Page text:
Q: Finding Astral Lovers is a personal favorite of mine because there’s a slight cuff of ethnic music to it and has that organic, home-bound appeal that emits the “Filipino flavor” missing in most electronic music project these days. How about you? What’s your favorite SO record?
FAL is definitely still one of my favorites. Making that was truly a journey for me, and I can still remember how I felt as I was creating that, every time I hear it. Each song in that record really meant a lot to me so it really holds its place as one of the most meaningful to me. I still enjoy listening to it when I do get to listen. I personally like the ethnic flavor; it reminds me of where I’m from.
Q: Are you planning to drop a vocal-heavy record sometime in the future? I mean you’ve worked with RH Xanders and June Marieezy before, and judging from some of your more traditional pop materials such as “Booth Bitch” and the How To Dress Well-ish “Mimimomomumu,” I know you’d be able to pull off a crossover.
Hahaha! About that I don’t see it as impossible. And honestly I've been thinking about it a lot more often than before. I used to sing a lot and I think it's just a matter of time before I actually muster up enough courage and confidence to do it. I still enjoy singing a lot. Not sure if I'm ready to put in record yet though. We’ll see. I just go where the creative energy takes me.
Q: Any local artists you want to collaborate with?
Too many. Haha! Sometimes, I wish I was more than one person so I could get on that collab with everyone already. I'm looking to collab with a bunch of singers, instrumentalists and emcees. I won’t mention ‘em for now. I'd love to keep it a surprise. Also looking to collaborate with a bunch of fellow beatmakers!
Q: You have a new beat tape out called Synchronicity is the Norm. How is it any different from the materials you’ve released so far?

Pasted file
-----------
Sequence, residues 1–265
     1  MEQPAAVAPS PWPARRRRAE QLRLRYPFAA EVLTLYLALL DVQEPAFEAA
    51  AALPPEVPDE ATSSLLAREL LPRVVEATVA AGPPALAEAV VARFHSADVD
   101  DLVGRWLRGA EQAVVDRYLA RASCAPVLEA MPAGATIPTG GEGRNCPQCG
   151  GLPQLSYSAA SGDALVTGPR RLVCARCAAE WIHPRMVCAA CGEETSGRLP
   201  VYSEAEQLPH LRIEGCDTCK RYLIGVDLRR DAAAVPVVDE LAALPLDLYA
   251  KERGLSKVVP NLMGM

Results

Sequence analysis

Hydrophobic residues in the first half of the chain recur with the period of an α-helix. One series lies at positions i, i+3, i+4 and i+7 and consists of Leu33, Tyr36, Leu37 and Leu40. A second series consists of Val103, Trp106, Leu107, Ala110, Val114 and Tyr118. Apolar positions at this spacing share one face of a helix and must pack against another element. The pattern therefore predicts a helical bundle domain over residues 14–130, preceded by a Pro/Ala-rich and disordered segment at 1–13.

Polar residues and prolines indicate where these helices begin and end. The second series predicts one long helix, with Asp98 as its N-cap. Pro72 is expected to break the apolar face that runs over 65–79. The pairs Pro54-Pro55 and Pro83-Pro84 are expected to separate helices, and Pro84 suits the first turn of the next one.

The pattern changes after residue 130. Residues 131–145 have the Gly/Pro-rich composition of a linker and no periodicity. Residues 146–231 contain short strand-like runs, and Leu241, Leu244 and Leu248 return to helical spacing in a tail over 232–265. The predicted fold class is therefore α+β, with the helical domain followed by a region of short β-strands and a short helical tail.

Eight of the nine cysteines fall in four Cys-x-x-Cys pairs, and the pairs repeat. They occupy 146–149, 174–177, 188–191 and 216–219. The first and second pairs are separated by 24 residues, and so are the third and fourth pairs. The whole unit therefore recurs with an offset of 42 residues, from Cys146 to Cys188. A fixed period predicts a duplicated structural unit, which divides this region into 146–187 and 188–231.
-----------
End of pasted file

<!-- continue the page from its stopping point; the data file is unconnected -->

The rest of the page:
SITN is a collection of beats I’ve made out of chopping records, screwing them up and adding some synths and basslines. It’s made mostly on just the SP404. All my past songs were crafted on a laptop while this record was made all on just one sampler. It’s a different experience for me working on a sampler. It’s more intimate. You sorta build a deeper connection with the records. I listen to a whole record on a turntable; hook it up to the SP, then chop away. It’s fun. Each chop and sample comes to me differently depending on how I hear it; hence, synchronicity. I don’t believe in coincidences. These records don't just pop out of nowhere, I feel like they make their way to me somehow.
Q: I hear a lot of nu-soul pastiches in Synchronicity is the Norm. It’s more laid-back and urban, with a tinge of Zen philosophy incorporated in it. Is there a conscious effort to sound different from one release to another?
I honestly don’t really think about it. I never wake up and declare a change in sound. It just happens. Well, it’s also a matter of how I feel. I think we’re all ever changing and I’m just embracing the feeling of evolution. It also depends on what’s going on around me during the time. A lot my music reflects what I’m going through as well, internally and externally.
Q: Five years from now, do you still see yourself as an electronic music producer making music for yourself or for other people?
I've always seen myself as a creator even when in the beginning of all this, people would tell me otherwise. Music has been with me as long as I've lived and I don't think i can ever imagine myself not making music. So I'm definitely still gonna be making music as long as I’m able to, I'm taking it with me to the grave and beyond.
Similar Objects’ Synchronicity Is The Norm is now available online. Cop a free copy here.